The film’s title has several meanings with regard to Frankie’s golden arm. It refers to his skill as a card player, and also his natural rhythmic ability that makes him a perfect percussionist. But it’s that same arm into which he injects heroin to escape from his troubles, if but for a little while. It’s the only time he feels golden.
Sinatra reportedly visited hospitals to witness drug addicts detoxing as preparation for his role, and his performance during those scenes where the monkey is riding his back are utterly convincing. He would earn another Oscar nomination for “The Man with the Golden Arm,” and deservedly so.
It’s interesting to me that Sinatra went to his grave thought of mostly as a singer, but the middle portion of his career was dominated by his film work. Ol’ Blue Eyes was a handsome physical specimen, known to send the “bobby soxers” swooning when he sang.
But before watching this film I had never noticed his physical deformities before — cauliflower ear, a deep scar in the corner of his mouth, acne-pitted cheeks and a large patch of scar tissue on his neck, the result of a traumatic birth. Read this account to learn how Sinatra got his scars.
The marks have the effect of making Frankie seem like a fallen angel, someone who means to do well but keeps getting sucked into old bad habits and an environment that undermines the idea of reaching for something better.
No character better encapsulates the pitfalls of Frankie’s old life than Zosch. A screeching, mentally unstable shrew, Zosch was disabled in a car accident in which Frankie was the driver at fault — possibly while high or rattled with withdrawal shakes. He married her out of pity and vowed to care for her, but they have absolutely no relationship beyond that transaction of need.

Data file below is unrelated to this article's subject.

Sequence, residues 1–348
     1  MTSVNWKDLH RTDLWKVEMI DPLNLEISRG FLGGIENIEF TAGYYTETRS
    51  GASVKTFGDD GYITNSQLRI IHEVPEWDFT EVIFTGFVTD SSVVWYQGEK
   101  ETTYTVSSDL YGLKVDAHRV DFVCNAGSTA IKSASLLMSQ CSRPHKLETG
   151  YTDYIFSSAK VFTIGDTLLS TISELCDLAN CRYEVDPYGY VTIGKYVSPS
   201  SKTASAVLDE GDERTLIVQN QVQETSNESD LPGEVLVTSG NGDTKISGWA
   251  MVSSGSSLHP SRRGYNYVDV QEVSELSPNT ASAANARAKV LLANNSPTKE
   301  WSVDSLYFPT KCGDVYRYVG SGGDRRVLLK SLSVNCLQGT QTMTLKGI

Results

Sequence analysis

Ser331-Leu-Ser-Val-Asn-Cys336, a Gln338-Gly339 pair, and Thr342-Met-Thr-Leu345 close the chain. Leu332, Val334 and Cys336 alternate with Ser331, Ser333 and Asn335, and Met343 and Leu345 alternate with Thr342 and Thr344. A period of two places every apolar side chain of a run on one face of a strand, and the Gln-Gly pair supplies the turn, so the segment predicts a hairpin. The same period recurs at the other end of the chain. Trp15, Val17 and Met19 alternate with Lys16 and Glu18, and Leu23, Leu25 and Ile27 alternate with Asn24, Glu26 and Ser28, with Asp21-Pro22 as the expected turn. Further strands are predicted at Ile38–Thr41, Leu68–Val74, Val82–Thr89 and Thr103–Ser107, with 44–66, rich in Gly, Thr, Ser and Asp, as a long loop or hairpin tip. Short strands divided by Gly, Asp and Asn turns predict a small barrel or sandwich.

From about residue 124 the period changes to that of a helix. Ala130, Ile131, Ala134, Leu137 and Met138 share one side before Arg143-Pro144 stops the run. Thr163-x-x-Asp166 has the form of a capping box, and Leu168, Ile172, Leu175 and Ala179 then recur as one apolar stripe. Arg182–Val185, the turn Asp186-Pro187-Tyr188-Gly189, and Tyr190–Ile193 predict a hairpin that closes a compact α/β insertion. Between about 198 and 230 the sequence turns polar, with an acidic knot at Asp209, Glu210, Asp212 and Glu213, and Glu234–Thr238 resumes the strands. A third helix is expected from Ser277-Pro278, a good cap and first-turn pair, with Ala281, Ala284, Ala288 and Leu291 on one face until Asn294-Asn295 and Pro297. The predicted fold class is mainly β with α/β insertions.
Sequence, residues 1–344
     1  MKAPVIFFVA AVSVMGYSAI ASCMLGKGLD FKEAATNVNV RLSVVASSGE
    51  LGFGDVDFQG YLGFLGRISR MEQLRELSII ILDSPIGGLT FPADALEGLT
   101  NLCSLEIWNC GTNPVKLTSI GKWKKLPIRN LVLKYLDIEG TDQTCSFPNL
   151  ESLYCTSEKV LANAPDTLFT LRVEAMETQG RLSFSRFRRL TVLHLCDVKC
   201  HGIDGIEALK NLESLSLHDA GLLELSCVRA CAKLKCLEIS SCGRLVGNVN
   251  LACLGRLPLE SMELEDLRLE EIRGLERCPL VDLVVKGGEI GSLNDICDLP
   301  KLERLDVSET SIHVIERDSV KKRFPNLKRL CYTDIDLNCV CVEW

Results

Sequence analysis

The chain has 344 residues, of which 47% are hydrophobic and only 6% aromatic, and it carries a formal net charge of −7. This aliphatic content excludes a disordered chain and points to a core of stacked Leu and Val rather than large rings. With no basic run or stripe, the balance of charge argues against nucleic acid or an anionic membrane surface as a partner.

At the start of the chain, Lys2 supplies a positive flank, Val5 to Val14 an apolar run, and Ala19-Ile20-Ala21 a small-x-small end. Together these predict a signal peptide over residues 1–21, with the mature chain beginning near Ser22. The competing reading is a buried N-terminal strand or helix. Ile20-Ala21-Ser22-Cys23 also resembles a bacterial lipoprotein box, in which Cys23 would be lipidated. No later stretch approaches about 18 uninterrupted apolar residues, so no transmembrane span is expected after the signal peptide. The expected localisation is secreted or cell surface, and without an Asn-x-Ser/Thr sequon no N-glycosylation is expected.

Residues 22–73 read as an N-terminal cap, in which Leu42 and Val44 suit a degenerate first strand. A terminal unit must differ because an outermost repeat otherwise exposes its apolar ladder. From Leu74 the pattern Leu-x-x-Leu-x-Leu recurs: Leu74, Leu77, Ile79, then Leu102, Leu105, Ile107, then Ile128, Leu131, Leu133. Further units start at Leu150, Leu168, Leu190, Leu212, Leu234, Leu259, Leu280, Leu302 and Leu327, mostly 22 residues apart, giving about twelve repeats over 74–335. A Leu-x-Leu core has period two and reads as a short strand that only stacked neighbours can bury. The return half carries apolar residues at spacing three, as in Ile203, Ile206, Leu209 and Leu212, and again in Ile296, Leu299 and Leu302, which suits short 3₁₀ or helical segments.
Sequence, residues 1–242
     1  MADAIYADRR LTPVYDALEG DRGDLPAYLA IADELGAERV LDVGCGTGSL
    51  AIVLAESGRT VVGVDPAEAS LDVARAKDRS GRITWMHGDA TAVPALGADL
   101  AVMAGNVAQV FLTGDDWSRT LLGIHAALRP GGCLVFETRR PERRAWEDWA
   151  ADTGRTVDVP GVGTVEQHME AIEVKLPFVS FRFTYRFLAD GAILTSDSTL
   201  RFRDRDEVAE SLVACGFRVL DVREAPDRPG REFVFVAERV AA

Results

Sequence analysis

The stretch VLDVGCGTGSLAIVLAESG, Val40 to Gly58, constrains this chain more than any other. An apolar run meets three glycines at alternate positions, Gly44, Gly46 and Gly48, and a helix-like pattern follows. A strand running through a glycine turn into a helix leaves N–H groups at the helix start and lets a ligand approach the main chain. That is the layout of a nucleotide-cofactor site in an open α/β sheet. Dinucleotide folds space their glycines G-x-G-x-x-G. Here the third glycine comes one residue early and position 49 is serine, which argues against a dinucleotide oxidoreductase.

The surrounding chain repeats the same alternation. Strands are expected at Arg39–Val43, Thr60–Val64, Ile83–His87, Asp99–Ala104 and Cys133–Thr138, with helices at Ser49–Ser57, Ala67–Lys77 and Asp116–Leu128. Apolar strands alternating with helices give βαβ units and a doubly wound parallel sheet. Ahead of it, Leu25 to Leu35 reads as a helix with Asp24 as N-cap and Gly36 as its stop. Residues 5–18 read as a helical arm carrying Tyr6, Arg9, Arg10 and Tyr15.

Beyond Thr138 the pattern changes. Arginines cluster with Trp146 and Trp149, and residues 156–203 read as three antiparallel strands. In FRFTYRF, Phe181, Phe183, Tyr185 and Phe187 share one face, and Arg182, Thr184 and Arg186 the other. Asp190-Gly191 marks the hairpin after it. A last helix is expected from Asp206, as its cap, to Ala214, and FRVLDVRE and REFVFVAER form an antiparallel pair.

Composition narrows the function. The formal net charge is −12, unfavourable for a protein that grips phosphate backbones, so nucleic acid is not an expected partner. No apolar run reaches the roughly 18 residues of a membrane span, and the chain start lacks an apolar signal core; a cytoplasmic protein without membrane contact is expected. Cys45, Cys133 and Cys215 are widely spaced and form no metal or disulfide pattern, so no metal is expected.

It’s later revealed that Zosch actually regained the ability to walk awhile ago, and is playing the ruse of being an invalid to garner pity and support. She violently opposes Frankie’s idea of giving up dealing to play the drums in a band, since to her any change represents a betrayal of her entire existence. As long as things stay the way they are, she reasons, Frankie will always be trapped by his commitment to look after her.
She’s a (non) walking guilt trip.
The film is wonderfully photographed by cinematographer Sam Leavitt, and the terrific art direction by Joseph C. Wright and Darrell Silvera received the film’s other Academy Award nod for its gritty and bleak depiction of the city’s mean streets.
I also thoroughly enjoyed Arnold Stang’s comedic supporting turn as Sparrow, Frankie’s friend/toady, who’s always there with a helping hand — especially a thieving one — and an obsequious remark. His side business is stealing dogs, painting their fur to disguise them and reselling them. Chinless, big-nosed, with thick glasses and a fast patter, Stang resembles Woody Allen’s low-rent cousin. He enjoyed a long and busy career in radio, film and television.
After 20 years on my must-see list, “The Man with the Golden Arm” did not disappoint. The film’s reputation hasn’t endured like some other mid-century depictions of crime and addiction, like say “The Lost Weekend.” But it’s a terrific look at descent and despair, the sort of movie that can end on a sour note but still seem hopeful.